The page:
Anybody from a new-born baby until they are in their 70s can have a pension – you can even set one up in your baby’s name and pay into it from the day of their birth!
The beneficiary can’t access their pension until retirement age, so your children can’t use it to buy a car or a house or to pay for university. So why would you consider starting one for your child?
The answer is compound interest, which Albert Einstein described as the eighth wonder of the world, and with very good reason. Compound interest means receiving interest on your original capital plus the interest it earns; think of it as ‘interest on your interest’.
It makes your money grow exponentially, and over the long-term the benefits are huge. How huge? The impact can be mind-blowing, as we can see by using an example where you start a pension for your child maybe by saving some of your Child Benefit payment?
If you saved £50 per month (£40 from you and £10 tax relief from the government) into a pension for your child from birth until they turn 25, you’ll end up putting £15,000 into the pot.
Assuming growth of 7% per year – global stock markets have averaged around 9% over time, so this is a reasonable assumption – when your child reaches retirement at around 67 years old, that £15,000 will be worth an incredible £1million. That’s with no more contributions after their 25th birthday. What a legacy to leave them! They may not remember what you spent the Child Benefit on, but they will remember the £1million fund.
On the flipside: if you were to wait until turning 40 before starting a pension, over the same 25-year period as above you’d need to save nearly 20 times more, £922 per month (£740 before tax relief), to reach the same £1m at retirement. That’s £276,000 saved in total compared to the £15,000 needed if starting from birth.
That’s the magic of compound interest. It’s why one of my favourite money sayings is that the best time to start saving for your future was yesterday, and the second-best time is today.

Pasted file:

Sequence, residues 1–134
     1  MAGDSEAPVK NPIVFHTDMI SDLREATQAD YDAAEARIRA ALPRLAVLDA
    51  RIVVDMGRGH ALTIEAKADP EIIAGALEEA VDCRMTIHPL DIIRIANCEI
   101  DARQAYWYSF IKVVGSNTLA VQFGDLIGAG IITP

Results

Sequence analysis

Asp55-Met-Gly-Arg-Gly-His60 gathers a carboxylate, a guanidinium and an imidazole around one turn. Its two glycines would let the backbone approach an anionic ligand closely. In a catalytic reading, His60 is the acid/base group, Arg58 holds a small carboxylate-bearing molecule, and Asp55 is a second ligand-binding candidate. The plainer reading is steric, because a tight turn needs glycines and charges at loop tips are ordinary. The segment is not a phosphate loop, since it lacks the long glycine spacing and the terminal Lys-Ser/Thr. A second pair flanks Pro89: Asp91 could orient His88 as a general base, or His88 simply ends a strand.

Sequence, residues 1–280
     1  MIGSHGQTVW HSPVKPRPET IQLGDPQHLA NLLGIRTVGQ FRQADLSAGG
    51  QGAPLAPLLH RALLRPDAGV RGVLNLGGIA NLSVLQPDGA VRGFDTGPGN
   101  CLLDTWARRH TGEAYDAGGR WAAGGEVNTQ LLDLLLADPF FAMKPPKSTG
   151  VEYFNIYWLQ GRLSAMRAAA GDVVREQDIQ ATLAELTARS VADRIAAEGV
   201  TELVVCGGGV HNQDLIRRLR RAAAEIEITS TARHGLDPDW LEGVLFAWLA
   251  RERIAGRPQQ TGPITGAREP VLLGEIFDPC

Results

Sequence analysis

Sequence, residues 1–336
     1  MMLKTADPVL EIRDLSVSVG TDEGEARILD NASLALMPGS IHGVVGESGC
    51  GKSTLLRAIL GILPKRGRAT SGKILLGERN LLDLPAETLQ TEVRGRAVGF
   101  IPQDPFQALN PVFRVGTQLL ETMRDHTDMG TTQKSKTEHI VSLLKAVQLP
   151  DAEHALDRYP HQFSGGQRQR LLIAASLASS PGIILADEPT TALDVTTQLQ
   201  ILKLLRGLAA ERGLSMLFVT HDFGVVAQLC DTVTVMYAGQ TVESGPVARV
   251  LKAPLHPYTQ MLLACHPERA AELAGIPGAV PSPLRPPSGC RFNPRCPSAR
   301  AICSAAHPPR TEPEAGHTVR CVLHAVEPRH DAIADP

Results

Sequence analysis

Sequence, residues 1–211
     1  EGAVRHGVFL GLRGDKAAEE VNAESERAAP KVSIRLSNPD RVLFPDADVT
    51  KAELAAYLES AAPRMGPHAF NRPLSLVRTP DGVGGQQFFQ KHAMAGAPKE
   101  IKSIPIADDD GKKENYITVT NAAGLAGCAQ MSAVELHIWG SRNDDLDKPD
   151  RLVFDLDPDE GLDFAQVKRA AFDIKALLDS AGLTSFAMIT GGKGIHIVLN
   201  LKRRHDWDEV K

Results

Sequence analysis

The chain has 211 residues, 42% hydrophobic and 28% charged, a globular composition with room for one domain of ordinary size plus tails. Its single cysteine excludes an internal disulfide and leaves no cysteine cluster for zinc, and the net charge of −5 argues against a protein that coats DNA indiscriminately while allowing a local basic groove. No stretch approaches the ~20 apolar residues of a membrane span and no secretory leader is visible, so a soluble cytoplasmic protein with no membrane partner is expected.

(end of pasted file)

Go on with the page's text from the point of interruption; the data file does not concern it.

Most stakeholder (personal) pension plans will allow contributions for babies and children. There are plenty of places you can set one up online, and the advantage of a stakeholder pension is that fees are low.
The amount you can contribute annually into a pension varies and is generally linked to your earnings, however for children, or those with no income, it’s £3,600pa gross. Gross means it includes the tax relief HMRC will add to the pension payments, even if you don’t pay tax like children. So you can pay, on behalf of a child, £2,880 and HMRC will add 25% or £720 so £3600pa can be saved. These are the maximums children can put away, you can fund much less to make it affordable.
You can’t access a pension until you retire, so other wrappers such as a Junior ISAs, ISA or general investment account should be used if you’d like to save to help your children with the cost of a wedding, education, property and so on.
The money in a pension is effectively ‘locked away’ until retirement age (currently 55 years old but rising in the future to be 10 years before the state retirement age) which should be seen as a positive thing, because it protects it for the time when it’s needed most: when we’re no longer working but still require income to do the things we want to do.
Now, then, them
Before you rush off to start a pension for your kids, you must take care of your own finances first. Like the safety instructions on a plane – secure your own oxygen mask first before you help others – the same is very much true of finances: you must secure your own future before you plan for your children’s.
I use a saying: now, then, them. Sort out your finances now; then sort out your own future and retirement plans; and only after that should you worry about ‘them’.
If you don’t, you’re potentially going to be a financial burden on your children and that’s not what you or they want. By getting yourself organised, you can marvel as Albert did at the wonder of compound interest.
As parents and grandparents, we give kids pocket money and other treats all the time. Imagine if this was the legacy we gave them instead? You might not be around when they start drawing their money, but they’ll sure remember you for it!
Even if you can only afford to put away £10 per month, something is better than nothing. Quarter of a million pounds is still more than double the average pension pot saved by those now aged 55-65, according to recent research.